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Free State
Genre Romance
 
Review:

Free State is a South African romance drama from writer-director, Salmon de Jager. Known for writing Verraaiers, Roepman and Stuur Groete aan Mannetjies Roux, he turned his craft to directing with Musiek vir die Agtergrond and now Free State.

His latest drama centres on a forbidden romance between Jeanette, a white Afrikaans girl, and an Indian man named Ravi during the Apartheid era in South Africa. Under the infamous Immorality Act, white and non-white people were prohibited from entering interracial relationships and marriages.

Free State stars Nicola Breytenbach as Jeanette and Andrew Govender as Ravi. The pair make a striking couple with the lithe and graceful Breytenbach playing off the handsome and majestic Govender. They're supported by another budding couple in Leleti Khumalo and Deon Lotz, whose subtle relationship would've made an equally powerful premise for a drama. Khumalo's knowing glances are priceless, while Lotz exudes grace under fire in a tender performance.

This is a beautifully composed and sweeping drama thanks to picture perfect vistas and luscious cinematography from cinematographer, Tom Marais. The visual splendour lifts the love affair from out of the ordinary with rich colours and surreal landscapes.

While de Jager's film looks the part and beams with promise, it meanders into murky genre territory, makes some distracting tonal shifts and struggles to capitalise on the underlying tension of a forbidden romance in a time of racial oppression.

While Breytenbach and Govender make beautiful co-leads, their lack of chemistry stunts the central relationship and engine room of this romance drama. While noble, Govender doesn't have the dramatic range to take Ravi beyond the fa├žade of Prince Charming, making the overall feeling stilted. We want the progressive couple to succeed and for love to rise above, but without the emotional investment, it's not paramount. Add some broken promises and the characters are further distanced by not only sticking it to the system, but everyone that loves them.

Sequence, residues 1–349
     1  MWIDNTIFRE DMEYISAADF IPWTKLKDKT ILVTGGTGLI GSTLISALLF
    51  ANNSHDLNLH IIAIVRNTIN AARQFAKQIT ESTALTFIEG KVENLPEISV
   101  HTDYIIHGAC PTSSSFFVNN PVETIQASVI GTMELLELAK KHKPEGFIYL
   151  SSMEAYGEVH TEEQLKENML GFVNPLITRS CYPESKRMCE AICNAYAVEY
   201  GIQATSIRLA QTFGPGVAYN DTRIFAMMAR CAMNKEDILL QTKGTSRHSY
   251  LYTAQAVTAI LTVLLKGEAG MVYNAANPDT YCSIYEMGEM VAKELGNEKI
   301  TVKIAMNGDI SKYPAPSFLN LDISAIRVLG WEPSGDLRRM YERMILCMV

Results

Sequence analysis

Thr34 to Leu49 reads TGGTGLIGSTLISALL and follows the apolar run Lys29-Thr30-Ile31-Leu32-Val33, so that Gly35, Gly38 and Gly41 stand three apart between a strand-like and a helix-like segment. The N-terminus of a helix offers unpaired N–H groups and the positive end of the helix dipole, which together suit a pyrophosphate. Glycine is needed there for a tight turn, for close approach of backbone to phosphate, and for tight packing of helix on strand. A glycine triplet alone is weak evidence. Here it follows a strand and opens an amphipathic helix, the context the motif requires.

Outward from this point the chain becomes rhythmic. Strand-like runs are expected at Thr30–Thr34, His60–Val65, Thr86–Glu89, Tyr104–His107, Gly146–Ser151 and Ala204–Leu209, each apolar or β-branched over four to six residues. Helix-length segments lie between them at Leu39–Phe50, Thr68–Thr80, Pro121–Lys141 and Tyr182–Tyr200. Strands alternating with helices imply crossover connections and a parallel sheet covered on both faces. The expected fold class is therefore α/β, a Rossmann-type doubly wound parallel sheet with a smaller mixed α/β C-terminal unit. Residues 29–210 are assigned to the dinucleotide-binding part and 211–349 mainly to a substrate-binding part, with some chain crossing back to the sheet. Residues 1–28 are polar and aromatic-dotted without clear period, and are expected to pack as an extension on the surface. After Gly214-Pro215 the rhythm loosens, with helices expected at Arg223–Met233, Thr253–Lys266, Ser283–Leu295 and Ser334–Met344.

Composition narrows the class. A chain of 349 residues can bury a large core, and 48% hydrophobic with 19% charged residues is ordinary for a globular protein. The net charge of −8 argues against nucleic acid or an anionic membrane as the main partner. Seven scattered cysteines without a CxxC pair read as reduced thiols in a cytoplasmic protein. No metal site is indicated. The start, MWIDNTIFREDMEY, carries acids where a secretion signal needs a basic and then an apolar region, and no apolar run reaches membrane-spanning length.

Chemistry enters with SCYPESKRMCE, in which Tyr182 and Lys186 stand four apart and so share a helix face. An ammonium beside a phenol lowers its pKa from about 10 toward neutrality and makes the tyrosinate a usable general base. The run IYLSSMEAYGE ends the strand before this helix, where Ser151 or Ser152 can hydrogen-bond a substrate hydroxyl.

This lack of romantic fire is further complicated by slow-boiling adversity. Besides some secret service surveillance and an embittered family feud, the co-leads are care-free with their families taking the brunt of a rising but seemingly surmountable social pressure. The drama's crescendo has some emotional power on the back of a broken promise, but without our empathy or hearts, the moment's lost on us.

The big brother government intervention is more of an inconvenience and perversion than the privacy-infringing, liberty-sapping giant leech you'd expect. While the Indian family tradition and caste drama has bite, lurching into a more interesting crime drama spin-off, its raw power overshadows and hijacks the central relationship.

Free State has many gems, but suffers from its uneven storytelling, tonal shifts, lopsided emotional intensity and genre-hopping. These flaws detract from the overall entertainment value, dulling the flow and level of engagement, making this ensemble drama bold, beautiful but only just bearable.

Instead of ending on a subtle poignant note, the film opts for a grand exit, which breaks with the established tone and further garbles an already scattershot message. The choice emphasises its uneven contours and further entrenches Free State's melodramatic tendencies.

The bottom line: Uneven


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